Editorial: Paying at the Pump for Infrastructure

Transportation Secretary Elaine Chao kicked off Infrastructure Week with the hopeful message that the Trump Administration is keeping its options open for ways to pay for its planned 10-year, $1.5 trillion infrastructure program. But that message — and, perhaps, the very goal of the weeklong initiative itself — was somewhat offset by the reality that U.S. lawmakers likely won’t get anything done on infrastructure this year.

Participants said as much, and that includes some lawmakers. Concerns were raised that other issues will take precedent this year, or that the open nature of the discussion about funding mechanisms could actually serve as a barrier to progress by creating added uncertainty.

A fair point, but it’s also arguable that having more options increases the chances that one or more good solutions will emerge.

Chao in her comments listed increasing fuel taxes and expansion of public-private partnerships as possible sources of funding. But P3s tend to include tolling, which many in trucking view unfavorably.

Regardless of how the money is collected, the Trump infrastructure proposal only includes $200 million in dedicated funding; the bulk of the rest must be collected by states.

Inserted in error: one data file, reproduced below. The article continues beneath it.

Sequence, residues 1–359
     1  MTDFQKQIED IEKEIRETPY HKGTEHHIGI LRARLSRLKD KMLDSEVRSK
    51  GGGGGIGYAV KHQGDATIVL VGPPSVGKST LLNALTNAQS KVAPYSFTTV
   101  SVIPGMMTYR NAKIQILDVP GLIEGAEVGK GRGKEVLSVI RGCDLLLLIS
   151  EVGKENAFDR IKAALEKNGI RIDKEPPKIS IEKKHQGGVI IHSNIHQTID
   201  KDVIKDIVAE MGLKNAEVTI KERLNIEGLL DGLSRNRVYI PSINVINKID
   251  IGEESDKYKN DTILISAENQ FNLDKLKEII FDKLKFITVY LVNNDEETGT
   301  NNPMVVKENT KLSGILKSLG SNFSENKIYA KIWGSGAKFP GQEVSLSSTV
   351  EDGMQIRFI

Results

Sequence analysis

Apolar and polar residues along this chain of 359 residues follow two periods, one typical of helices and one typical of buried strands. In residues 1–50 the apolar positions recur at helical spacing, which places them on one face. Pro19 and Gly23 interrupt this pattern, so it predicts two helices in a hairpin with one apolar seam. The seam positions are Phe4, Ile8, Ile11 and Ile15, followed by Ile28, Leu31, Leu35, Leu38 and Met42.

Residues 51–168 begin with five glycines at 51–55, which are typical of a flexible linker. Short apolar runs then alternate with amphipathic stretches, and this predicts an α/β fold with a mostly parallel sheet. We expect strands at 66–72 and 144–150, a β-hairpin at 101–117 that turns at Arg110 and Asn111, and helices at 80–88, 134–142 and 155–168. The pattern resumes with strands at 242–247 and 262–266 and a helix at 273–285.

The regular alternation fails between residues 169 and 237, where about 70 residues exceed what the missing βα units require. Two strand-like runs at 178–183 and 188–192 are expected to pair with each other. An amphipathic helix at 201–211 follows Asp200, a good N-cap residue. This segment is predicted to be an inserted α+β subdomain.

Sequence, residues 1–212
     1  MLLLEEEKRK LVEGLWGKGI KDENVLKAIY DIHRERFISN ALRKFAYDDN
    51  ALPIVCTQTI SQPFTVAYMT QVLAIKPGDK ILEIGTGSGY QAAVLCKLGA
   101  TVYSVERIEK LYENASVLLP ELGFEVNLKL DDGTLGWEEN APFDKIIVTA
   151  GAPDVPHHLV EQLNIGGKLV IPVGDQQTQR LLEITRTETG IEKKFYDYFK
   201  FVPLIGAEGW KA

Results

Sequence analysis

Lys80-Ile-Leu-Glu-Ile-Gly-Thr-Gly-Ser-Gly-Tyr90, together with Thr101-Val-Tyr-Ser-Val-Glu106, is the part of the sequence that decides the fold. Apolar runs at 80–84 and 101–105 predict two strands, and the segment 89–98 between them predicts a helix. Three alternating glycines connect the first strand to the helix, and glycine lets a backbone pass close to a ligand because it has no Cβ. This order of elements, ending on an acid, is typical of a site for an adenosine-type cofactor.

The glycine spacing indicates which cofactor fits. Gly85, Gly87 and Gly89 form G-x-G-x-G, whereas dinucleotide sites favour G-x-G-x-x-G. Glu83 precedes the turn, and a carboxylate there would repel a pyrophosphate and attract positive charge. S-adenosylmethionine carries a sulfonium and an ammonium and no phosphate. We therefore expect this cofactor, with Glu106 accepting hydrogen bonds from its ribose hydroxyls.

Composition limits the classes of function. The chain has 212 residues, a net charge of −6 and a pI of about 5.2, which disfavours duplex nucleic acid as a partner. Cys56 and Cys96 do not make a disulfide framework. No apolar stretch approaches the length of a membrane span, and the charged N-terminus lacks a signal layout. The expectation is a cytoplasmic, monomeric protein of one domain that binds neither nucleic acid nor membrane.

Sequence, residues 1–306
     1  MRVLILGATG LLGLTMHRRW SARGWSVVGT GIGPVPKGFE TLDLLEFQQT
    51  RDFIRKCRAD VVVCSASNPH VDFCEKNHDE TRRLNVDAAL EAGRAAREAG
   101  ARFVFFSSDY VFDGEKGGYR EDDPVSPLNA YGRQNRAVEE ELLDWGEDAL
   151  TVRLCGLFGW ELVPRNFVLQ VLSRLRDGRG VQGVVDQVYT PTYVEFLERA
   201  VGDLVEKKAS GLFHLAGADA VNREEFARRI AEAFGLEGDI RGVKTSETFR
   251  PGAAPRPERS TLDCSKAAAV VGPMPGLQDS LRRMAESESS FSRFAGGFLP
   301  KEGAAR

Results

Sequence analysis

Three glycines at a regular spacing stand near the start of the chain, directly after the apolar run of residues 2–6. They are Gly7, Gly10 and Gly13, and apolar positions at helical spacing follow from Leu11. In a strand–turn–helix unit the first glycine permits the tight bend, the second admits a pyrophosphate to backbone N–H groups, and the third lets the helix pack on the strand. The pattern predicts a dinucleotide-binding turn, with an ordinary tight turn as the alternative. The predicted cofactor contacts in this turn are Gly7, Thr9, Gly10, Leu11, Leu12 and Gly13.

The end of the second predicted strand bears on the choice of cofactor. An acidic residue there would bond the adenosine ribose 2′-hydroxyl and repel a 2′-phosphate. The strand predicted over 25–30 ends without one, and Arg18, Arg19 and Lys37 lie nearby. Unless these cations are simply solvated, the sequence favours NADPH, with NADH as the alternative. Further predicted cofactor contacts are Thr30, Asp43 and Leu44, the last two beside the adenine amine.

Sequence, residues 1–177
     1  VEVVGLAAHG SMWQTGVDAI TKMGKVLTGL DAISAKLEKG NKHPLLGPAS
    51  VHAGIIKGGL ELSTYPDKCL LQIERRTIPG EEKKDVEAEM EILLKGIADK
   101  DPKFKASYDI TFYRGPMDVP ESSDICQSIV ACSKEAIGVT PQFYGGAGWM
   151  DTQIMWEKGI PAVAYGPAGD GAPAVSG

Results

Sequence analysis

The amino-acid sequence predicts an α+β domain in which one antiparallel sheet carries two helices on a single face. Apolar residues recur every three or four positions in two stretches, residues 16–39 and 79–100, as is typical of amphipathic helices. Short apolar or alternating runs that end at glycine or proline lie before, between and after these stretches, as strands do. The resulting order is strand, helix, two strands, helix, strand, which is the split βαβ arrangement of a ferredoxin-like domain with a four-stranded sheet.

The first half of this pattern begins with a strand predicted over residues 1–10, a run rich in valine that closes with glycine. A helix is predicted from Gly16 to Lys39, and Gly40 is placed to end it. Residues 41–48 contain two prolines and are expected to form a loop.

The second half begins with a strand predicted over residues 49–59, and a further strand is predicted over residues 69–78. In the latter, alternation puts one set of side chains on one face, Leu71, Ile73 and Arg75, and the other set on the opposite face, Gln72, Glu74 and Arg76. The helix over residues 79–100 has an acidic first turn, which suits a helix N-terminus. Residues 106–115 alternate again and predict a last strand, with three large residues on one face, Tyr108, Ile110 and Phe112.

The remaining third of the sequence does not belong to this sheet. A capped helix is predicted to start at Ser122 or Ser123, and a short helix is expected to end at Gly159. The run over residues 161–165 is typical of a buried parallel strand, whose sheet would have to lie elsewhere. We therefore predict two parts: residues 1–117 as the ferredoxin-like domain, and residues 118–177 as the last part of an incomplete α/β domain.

Chao also mentioned vehicle miles traveled fees, and on this point, some states are already ahead of the curve — several are currently running pilot tests.

Another option on the table — put forth by American Trucking Associations — is a fuel usage fee included in wholesale fuel prices and collected at the terminal rack.

Plenty of options. Which will carry the day?

Realistically, more than one. There is no one perfect solution; just as it will take the efforts of many to get an infrastructure plan moving forward, it will likely take a variety of funding mechanisms to pay for it.

Given the now eight-week stretch of consecutive increases in fuel prices, the notion of raising fuel taxes might be unpopular. But, these types of fluctuations in fuel prices are familiar and often fleeting. They’re just as likely to start falling as they are to continue rising. And businesses and drivers are pretty used to it. Fuel prices shift. They just do.

Given that, would some form of a graduated increase in fuel taxes really be felt? If a 5 cents per-gallon increase in diesel and gasoline were adopted tomorrow — with the revenue dedicated to infrastructure funding — would end-users really feel it? Or would it just get wrapped up in the usual sway of fuel prices? Barely noticed by users, but dedicated to fixing a problem most agree exists.

In some form or another, it’s an option worth serious consideration.